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Cancer Res. 2005 Jan 1;65(1):166-76.

Transcriptional profiles of intestinal tumors in Apc(Min) mice are unique from those of embryonic intestine and identify novel gene targets dysregulated in human colorectal tumors.

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  • 1Department of Molecular Genetics, Biochemistry and Microbiology, University of Cincinnati College of Medicine, Cincinnati Children's Hospital Medical Center, Cincinnati, OH 45267, USA.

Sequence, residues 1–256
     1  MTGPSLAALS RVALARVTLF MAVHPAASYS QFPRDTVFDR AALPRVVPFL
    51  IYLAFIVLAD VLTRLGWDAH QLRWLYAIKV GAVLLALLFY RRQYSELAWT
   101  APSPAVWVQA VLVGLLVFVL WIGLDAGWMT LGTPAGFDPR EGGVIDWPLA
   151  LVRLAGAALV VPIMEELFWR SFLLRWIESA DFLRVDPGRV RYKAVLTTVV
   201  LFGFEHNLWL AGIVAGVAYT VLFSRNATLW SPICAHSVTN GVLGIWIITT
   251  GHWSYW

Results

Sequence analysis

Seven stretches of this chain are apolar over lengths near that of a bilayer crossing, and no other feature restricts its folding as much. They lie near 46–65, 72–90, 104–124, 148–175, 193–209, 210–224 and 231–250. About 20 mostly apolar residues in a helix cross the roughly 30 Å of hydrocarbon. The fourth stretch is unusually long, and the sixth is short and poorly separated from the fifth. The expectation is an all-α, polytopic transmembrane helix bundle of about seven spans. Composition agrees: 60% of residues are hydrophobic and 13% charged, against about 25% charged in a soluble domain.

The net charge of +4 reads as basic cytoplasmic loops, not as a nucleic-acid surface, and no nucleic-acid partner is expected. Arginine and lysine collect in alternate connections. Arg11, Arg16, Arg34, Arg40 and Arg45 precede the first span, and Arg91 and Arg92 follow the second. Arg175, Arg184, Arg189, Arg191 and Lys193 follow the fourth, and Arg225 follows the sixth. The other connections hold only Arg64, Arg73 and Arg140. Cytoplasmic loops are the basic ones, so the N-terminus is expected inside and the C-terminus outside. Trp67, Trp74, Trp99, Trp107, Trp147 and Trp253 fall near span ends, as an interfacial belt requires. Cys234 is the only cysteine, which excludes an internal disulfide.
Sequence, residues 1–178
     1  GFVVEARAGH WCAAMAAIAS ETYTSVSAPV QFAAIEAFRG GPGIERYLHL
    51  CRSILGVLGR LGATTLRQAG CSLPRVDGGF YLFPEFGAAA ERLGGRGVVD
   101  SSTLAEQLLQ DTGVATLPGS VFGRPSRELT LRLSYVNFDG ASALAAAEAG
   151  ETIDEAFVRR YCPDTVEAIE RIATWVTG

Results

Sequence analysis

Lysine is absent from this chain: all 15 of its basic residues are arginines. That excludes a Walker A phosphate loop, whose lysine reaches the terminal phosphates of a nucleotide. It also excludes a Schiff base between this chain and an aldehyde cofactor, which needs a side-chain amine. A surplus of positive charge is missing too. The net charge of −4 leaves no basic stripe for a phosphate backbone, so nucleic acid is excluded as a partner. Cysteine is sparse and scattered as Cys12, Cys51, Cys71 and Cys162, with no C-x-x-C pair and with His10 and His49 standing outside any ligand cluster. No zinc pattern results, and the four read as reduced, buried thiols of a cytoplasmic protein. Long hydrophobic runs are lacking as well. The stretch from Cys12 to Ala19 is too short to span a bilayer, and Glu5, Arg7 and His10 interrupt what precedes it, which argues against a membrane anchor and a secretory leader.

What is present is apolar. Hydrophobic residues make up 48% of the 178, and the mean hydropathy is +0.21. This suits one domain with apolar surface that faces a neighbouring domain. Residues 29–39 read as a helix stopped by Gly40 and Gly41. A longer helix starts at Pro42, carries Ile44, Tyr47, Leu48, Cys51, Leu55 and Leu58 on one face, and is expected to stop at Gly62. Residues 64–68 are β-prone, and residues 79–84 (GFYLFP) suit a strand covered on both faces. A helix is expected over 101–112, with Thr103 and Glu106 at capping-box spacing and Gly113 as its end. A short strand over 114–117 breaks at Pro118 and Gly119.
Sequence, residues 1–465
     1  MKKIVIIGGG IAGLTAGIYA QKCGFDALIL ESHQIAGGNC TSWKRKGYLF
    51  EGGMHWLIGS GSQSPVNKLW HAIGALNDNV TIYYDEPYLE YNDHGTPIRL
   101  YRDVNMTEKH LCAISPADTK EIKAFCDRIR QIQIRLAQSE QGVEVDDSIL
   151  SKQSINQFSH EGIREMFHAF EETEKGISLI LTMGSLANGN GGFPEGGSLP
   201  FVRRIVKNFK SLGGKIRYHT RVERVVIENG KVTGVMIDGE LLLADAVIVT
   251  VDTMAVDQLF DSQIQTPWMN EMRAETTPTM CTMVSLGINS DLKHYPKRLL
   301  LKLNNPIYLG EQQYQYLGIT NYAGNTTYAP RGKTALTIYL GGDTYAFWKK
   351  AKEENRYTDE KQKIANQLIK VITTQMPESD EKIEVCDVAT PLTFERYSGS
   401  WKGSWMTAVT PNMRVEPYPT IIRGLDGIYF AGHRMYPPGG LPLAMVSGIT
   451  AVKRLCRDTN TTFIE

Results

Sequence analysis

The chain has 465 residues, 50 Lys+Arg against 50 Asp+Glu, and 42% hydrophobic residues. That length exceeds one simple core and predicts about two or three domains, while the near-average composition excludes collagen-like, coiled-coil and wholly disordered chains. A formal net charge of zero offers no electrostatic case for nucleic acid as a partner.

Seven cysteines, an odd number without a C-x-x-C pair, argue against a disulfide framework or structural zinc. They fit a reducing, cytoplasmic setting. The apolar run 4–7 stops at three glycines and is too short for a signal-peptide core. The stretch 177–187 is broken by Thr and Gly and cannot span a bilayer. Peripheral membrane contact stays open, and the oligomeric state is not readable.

The adenomatous polyposis coli (APC) tumor suppressor is a major regulator of the Wnt signaling pathway in normal intestinal epithelium. APC, in conjunction with AXIN and GSK-3beta, forms a complex necessary for the degradation of beta-catenin, thereby preventing beta-catenin/T-cell factor interaction and alteration of growth-controlling genes such as c-MYC and cyclin D1. Inappropriate activation of the Wnt pathway, via Apc/APC mutation, leads to gastrointestinal tumor formation in both the mouse and human. In order to discover novel genes that may contribute to tumor progression in the gastrointestinal tract, we used cDNA microarrays to identify 114 genes with altered levels of expression in Apc(Min) mouse adenomas from the duodenum, jejunum, and colon. Changes in the expression of 24 of these 114 genes were not observed during mouse development at embryonic day 16.5, postnatal day 1, or postnatal day 14 (relative to normal adult intestine). These 24 genes are not previously known Wnt targets. Seven genes were validated by real-time reverse transcription-PCR analysis, whereas four genes were validated by in situ hybridization to mouse adenomas. Real-time reverse transcription-PCR analysis of human colorectal cancer cell lines and adenocarcinomas revealed that altered expression levels were also observed for six of the genes Igfbp5, Lcn2, Ly6d, N4wbp4 (PMEPA1), S100c, and Sox4.

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